»  Taki's Magazine

May 19, 2010

  Two and a Half Men: Airing Otherwise Unpalatable Truths


One of my National Review colleagues recently declared himself "flummoxed by the fact that Two and a Half Men is the top sitcom in America." If any TakiMag readers are in a similar case, let me try to deflummox you.

T&aHM has been running on CBS since the fall of 2003. It is the brainchild of writer/producer Chuck Lorre (no relation to early-talkies horror-movie star Peter Lorre) and writer Lee Aronsohn. The IMDb plot summary gives a sufficient idea of the story line. An episode of T&aHM delivers most of its laughs via glimpses into the world of modern mating. There are many, many sex jokes. The show is coarse and crude. This probably accounts for the disfavor it has attracted from conservatives like my colleague. I think they should take another look, if only for the sociological interest.

T&aHM belongs to the category of subversive humor. The ur-text here is George Orwell's essay on the smutty seaside postcards of cartoonist Donald McGill, from which:

 … one sees what function these post cards, in their humble way, are performing.

What they are doing is to give expression to the Sancho Panza view of life, the attitude to life that Miss Rebecca West once summed up as "extracting as much fun as possible from smacking behinds in basement kitchens." The Don Quixote-Sancho Panza combination, which of course is simply the ancient dualism of body and soul in fiction form, recurs more frequently in the literature of the last four hundred years than can be explained by mere imitation. It comes up again and again, in endless variations, Bouvard and Pécuchet, Jeeves and Wooster, Bloom and Dedalus, Holmes and Watson … Evidently it corresponds to something enduring in our civilization, not in the sense that either character is to be found in a "pure" state in real life, but in the sense that the two principles, noble folly and base wisdom, exist side by side in nearly every human being …

It will not do to condemn them on the ground that they are vulgar and ugly. That is exactly what they are meant to be. Their whole meaning and virtue is in their unredeemed low-ness, not only in the sense of obscenity, but lowness of outlook in every direction whatever. The slightest hint of "higher" influences would ruin them utterly. They stand for the worm's-eye view of life … Their existence, the fact that people want them, is symptomatically important. Like the music halls, they are a sort of saturnalia, a harmless rebellion against virtue. They express only one tendency in the human mind, but a tendency which is always there and will find its own outlet, like water. On the whole, human beings want to be good, but not too good, and not quite all the time.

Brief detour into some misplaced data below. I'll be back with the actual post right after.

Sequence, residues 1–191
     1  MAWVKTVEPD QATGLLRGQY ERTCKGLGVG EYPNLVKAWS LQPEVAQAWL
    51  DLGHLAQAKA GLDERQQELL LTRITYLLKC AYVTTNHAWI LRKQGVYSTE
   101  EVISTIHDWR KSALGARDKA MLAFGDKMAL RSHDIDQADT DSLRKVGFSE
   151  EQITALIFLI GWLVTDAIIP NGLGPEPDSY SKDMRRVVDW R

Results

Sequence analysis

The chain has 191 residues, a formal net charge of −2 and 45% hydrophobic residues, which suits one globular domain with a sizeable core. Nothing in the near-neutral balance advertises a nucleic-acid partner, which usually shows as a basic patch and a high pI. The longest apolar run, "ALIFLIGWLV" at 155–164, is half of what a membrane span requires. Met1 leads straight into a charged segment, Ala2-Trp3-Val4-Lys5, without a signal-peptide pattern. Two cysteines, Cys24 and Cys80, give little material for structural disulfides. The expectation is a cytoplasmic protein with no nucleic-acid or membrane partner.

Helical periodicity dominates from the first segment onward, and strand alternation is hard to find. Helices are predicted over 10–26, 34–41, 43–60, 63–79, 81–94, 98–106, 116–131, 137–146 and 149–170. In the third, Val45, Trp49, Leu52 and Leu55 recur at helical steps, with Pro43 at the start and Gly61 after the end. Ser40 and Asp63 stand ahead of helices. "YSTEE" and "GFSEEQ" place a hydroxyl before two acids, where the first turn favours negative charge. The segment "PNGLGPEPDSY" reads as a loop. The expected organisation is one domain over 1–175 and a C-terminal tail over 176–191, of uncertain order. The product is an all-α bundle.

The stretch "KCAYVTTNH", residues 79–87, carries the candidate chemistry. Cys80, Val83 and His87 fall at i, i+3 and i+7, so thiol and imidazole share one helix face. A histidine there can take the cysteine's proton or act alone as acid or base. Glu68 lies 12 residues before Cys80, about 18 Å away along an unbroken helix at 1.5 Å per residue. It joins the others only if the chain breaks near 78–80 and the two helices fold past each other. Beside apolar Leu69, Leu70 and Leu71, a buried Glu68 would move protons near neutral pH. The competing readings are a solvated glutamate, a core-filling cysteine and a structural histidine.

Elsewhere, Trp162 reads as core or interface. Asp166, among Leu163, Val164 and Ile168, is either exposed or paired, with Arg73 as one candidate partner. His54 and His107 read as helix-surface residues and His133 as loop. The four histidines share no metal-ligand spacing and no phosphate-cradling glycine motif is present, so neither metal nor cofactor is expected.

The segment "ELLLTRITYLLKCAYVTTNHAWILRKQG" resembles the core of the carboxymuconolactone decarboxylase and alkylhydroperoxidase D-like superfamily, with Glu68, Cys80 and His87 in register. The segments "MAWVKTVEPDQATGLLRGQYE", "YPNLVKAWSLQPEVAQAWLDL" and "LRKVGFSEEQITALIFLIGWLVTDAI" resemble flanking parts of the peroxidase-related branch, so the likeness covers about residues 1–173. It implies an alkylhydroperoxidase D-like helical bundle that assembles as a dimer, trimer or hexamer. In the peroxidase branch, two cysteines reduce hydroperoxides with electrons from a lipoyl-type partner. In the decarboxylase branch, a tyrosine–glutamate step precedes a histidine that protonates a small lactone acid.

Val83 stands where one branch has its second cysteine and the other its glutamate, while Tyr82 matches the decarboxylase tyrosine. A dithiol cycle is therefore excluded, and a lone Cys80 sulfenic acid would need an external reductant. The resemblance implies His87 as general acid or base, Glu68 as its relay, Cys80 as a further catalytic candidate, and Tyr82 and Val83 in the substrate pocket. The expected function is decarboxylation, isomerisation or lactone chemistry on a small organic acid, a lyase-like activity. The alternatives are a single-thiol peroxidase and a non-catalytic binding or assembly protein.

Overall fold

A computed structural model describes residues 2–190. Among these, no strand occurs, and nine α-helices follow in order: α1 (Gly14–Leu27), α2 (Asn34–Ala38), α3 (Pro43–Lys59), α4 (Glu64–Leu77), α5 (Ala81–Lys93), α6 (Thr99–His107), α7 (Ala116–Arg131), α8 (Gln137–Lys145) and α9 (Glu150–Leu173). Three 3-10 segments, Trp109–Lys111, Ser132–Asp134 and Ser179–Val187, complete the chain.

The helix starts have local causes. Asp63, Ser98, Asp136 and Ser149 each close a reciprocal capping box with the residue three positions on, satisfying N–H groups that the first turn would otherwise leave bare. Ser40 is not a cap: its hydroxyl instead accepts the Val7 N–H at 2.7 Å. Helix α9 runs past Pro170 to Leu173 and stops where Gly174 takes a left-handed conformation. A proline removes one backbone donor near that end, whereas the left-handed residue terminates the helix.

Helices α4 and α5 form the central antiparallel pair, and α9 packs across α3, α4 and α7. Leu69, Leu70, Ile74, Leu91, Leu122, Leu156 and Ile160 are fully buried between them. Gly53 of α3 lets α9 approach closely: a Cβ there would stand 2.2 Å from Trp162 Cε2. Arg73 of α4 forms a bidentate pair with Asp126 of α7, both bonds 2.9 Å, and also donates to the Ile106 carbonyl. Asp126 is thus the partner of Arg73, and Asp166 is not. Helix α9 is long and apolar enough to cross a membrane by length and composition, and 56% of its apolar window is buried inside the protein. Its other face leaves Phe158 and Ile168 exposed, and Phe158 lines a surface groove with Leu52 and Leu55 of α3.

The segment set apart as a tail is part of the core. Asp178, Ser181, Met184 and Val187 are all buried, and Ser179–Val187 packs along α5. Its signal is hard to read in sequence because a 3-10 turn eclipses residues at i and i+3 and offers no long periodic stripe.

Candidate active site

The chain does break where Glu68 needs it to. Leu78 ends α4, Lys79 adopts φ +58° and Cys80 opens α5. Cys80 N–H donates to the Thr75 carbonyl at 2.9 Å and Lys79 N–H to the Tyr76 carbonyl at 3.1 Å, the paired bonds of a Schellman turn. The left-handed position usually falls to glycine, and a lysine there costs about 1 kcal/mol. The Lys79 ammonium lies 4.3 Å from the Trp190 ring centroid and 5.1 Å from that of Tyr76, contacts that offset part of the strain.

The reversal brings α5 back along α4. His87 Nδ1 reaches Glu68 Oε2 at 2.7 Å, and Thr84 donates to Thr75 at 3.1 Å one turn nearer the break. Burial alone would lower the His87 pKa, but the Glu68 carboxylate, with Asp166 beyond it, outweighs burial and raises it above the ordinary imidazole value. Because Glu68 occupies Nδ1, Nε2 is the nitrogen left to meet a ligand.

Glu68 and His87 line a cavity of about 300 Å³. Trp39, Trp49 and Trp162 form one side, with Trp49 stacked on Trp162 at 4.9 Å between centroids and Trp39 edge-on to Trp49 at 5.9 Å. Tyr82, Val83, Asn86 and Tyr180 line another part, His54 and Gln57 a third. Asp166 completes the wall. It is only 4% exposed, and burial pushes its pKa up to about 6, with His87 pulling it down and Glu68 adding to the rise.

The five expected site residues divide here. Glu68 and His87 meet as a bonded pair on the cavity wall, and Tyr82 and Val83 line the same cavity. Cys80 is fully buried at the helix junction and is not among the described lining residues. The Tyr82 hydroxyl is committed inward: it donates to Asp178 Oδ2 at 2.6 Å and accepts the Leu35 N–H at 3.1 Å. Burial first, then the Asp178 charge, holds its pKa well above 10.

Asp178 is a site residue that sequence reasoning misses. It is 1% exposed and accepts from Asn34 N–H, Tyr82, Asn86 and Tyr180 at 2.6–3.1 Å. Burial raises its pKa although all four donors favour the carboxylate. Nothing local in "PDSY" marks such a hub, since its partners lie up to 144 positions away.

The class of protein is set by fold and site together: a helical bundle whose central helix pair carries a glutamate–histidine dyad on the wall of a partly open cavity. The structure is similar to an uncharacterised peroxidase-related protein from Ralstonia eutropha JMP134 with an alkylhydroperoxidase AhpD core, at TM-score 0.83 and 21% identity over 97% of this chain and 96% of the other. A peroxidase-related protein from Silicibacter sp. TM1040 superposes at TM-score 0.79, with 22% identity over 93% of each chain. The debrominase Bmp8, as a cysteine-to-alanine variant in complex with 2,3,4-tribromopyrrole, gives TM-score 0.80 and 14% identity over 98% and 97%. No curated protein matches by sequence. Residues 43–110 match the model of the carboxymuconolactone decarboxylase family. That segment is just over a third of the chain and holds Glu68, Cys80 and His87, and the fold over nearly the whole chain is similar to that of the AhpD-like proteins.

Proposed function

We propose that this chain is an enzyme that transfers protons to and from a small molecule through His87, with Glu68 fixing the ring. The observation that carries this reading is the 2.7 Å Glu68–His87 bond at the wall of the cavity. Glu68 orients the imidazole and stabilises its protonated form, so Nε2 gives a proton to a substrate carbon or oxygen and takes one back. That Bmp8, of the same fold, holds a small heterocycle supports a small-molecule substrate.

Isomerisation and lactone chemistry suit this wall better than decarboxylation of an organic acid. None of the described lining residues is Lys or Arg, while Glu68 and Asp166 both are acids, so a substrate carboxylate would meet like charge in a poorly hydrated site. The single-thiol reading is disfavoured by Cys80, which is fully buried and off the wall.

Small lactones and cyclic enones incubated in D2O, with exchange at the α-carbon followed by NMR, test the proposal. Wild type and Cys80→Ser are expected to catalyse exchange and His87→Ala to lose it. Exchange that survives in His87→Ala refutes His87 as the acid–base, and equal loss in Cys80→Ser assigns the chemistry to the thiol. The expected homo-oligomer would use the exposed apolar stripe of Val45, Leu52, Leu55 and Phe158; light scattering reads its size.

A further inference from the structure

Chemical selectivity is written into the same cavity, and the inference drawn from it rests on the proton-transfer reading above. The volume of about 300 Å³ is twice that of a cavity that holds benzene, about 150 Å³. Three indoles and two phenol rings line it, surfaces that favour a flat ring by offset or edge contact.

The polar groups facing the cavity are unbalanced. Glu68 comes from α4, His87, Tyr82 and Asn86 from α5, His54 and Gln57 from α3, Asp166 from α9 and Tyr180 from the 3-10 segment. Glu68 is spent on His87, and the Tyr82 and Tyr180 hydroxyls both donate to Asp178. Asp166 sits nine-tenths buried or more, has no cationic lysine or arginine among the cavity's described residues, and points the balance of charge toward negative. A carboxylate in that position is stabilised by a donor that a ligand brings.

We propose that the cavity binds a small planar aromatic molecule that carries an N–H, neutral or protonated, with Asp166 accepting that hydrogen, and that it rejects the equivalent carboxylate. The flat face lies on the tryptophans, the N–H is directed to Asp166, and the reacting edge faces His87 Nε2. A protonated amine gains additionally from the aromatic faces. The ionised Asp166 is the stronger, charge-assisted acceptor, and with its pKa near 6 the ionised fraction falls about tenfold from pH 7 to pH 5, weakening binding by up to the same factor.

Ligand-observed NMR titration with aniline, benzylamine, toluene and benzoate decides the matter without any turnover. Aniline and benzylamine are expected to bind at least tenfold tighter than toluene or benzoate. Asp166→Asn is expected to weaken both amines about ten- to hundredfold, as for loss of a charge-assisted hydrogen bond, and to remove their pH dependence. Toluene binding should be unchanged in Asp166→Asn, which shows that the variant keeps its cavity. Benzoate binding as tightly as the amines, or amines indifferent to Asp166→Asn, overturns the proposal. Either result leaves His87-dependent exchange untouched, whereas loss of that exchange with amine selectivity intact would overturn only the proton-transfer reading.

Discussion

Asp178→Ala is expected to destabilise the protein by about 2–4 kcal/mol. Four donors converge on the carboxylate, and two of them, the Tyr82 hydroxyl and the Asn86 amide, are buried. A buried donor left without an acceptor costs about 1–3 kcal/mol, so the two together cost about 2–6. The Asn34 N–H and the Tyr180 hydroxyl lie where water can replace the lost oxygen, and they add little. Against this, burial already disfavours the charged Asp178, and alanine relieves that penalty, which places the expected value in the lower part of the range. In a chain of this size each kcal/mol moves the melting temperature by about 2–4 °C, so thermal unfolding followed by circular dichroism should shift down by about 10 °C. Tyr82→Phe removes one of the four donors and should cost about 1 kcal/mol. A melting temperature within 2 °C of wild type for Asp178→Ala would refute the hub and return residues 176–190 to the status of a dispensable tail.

Postcards like McGill's, and shows like T&aHM, show us the underside of normal — I mean, non-psychotic — human nature. We all recognize it; but our social protocols bid us pretend it's not there, so when we see it on-screen, we laugh. The private-intimate and the public-social collide in a bisociation, generating mirth.

For a strictly limited time period, we're permitted take a break from official reality to ponder unpalatable truths.

And so on. Now, these aren't the kinds of truths you'd want as up-front advertisements for a stable, harmonious society. They are truths none the less, and need an occasional airing. There's some guilty relief in seeing them paraded brazenly across a TV screen — relief that expresses itself in laughter.

Our society is very different from Orwell's 1941, and our subversive humor has different things to subvert — political correctness, mostly. Further, the subversion is slight and harmless, strictly for entertainment value.

Subversion on this scale is not revolution. It might, in the right circumstances, be a contributing factor to revolution; but in most places, at most times, establishment culture can take care of itself. T&aHM isn't going head-on at major social shibboleths, any more than Donald McGill could have published a postcard trashing the Royal Family. While enjoying this kind of humor, though, we are at least permitted to forget about those shibboleths for half an hour. (There are, for example, so far as I can recall, no racial minorities in the world of T&aHM. Like Cheers and Friends, it's a white-folks show.)

Oh dear: having apparently been the only conservative in America to enjoy Married With Children — which was pretty much just Donald McGill with live actors — I may now be the only one with a good word to say for T&aHM.


A friend emails in with this correction: "You may have missed some episodes. Charlie and Jake stumble in to a Watts 'Clucky's' (read Colonel Sanders) calling for a dozen black extras. Two episodes featuring a famous football player, playing his very large self. Jake, 'dates' the guy's daughter. The difference in size between between the NFL-er and Charlie is emphasized by good camera work short of blue screen. James Earl Jones plays James Earl Jones, hired for Charlie's funeral. There is a black woman on the volley ball team that Charlie and Alan court and a black woman in Judith's support group. They sometimes include a black in public venues, motor vehicle or the like.

It is the funniest show on television. It is not about blacks but it does not ignore them."